Without leadership that can inspire and facilitate social and health care providers and commissioners to work outside their professional and organisational interests, the challenges to achieving integrated care will not be overcome. Therefore, the attitudes, values and behaviours associated with systems leadership will be needed for the long-term.
Systems Leadership is about how you lead across boundaries. It describes the way people need to behave when they face large, complex, difficult and seemingly intractable problems; where they need to juggle multiple uncertainties; where no one person or organisation can find or organise the solution on their own; where everyone is grappling with how to make resources meet demand which is outstripping them; and where the way forward therefore lies in involving as many people’s energies, ideas, talents and expertise as possible.
In the past, those with responsibility for senior leadership in health and social care were largely focussed on ensuring the success of their own organisations. This reflected the environment in which they were leading as policy frameworks, financial incentives, and performance measurements were primarily based on the success of their organisations and the quality of services which they provided. Similarly, professional leaders represented the interests of their discipline to ensure that the importance of its roles and the connected status was maintained.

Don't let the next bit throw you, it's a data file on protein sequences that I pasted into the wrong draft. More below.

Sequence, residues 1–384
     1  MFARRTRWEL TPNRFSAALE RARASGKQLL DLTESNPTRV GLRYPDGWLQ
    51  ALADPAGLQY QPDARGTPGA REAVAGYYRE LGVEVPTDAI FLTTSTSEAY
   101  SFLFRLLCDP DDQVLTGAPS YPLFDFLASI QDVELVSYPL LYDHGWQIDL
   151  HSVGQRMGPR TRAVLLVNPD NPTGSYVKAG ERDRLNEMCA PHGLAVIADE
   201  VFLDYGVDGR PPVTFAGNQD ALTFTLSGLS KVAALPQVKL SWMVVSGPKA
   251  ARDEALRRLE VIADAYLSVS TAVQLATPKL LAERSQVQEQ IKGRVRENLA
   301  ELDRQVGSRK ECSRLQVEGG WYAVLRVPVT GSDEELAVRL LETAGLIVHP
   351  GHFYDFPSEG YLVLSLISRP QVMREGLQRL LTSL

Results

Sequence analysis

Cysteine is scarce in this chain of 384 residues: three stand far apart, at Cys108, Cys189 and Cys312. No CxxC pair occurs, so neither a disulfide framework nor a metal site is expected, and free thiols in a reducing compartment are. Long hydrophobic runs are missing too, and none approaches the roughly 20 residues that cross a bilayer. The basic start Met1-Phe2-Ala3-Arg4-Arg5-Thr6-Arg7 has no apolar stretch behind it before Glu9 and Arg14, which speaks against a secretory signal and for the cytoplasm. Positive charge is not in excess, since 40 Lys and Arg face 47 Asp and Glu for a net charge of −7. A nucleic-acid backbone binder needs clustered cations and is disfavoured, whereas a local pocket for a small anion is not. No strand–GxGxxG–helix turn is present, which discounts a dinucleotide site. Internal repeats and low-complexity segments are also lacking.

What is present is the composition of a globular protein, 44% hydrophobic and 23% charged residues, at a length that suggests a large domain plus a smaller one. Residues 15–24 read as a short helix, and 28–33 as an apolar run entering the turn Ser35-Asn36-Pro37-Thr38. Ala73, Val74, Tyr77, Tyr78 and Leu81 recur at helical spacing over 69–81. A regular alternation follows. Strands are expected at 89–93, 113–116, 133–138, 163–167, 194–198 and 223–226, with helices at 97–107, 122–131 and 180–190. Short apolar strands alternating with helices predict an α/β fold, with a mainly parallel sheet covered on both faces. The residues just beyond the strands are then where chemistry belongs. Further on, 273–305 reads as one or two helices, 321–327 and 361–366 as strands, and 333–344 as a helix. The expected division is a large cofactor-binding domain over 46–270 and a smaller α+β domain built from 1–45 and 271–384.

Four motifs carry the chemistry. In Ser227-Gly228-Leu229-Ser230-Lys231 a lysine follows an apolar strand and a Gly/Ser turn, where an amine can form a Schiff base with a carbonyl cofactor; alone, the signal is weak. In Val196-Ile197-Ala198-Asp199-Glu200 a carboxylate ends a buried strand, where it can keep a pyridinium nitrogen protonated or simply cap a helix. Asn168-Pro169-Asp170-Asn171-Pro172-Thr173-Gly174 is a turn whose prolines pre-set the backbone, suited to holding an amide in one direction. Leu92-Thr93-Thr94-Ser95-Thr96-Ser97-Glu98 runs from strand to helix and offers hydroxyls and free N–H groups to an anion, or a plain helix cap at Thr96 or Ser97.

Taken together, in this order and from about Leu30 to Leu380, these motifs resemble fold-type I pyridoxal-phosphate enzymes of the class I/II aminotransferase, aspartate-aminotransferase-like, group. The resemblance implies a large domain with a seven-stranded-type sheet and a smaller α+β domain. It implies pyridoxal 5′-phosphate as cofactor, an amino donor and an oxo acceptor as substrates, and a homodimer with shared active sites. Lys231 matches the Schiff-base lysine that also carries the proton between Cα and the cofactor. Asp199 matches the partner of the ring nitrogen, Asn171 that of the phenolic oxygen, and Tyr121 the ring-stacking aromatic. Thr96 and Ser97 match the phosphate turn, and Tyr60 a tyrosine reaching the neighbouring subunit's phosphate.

Systems leadership is an approach in which those who are leaders look beyond the interests of their own organisations or profession to that of the local system and the communities it contains as a whole. It recognises that the major challenges faced by health and social care systems are not ones to which there are known answers, and successfully overcoming them will therefore require new ways of thinking and behaving. Systems leadership is required not only by those who are most senior but also those who are responsible for leading services, teams, and the professional practice of others. It also needs to provide opportunity for those within lived experience of health and social care, and local communities, to influence and lead integrated care.
What is systems leadership? (Integrated care)
Explore system leadership
How does systems leadership support integrated care?
Factors were stratified into six key categories: organisational culture, workforce management, interorganisational collaboration, leadership ability of staff, economic factors and political factors. Leadership was deemed to be the most influential factor due to its intrinsic and instrumental role in influencing the other key factors.
Fragmented care is due to services being rigidly organised on which organisations receive funding to deliver a particular treatment intervention or type of support, siloed recording systems not facilitating effective communication between agencies about someone’s situation and needs, and professionals not always understanding each other’s roles and knowing how to develop collaborative working relationships. Such processes and behaviours are extremely challenging to replace as they are deeply embedded in how people work and uncertainty about how more flexible and person-centred arrangements will work in practice and with the available resources.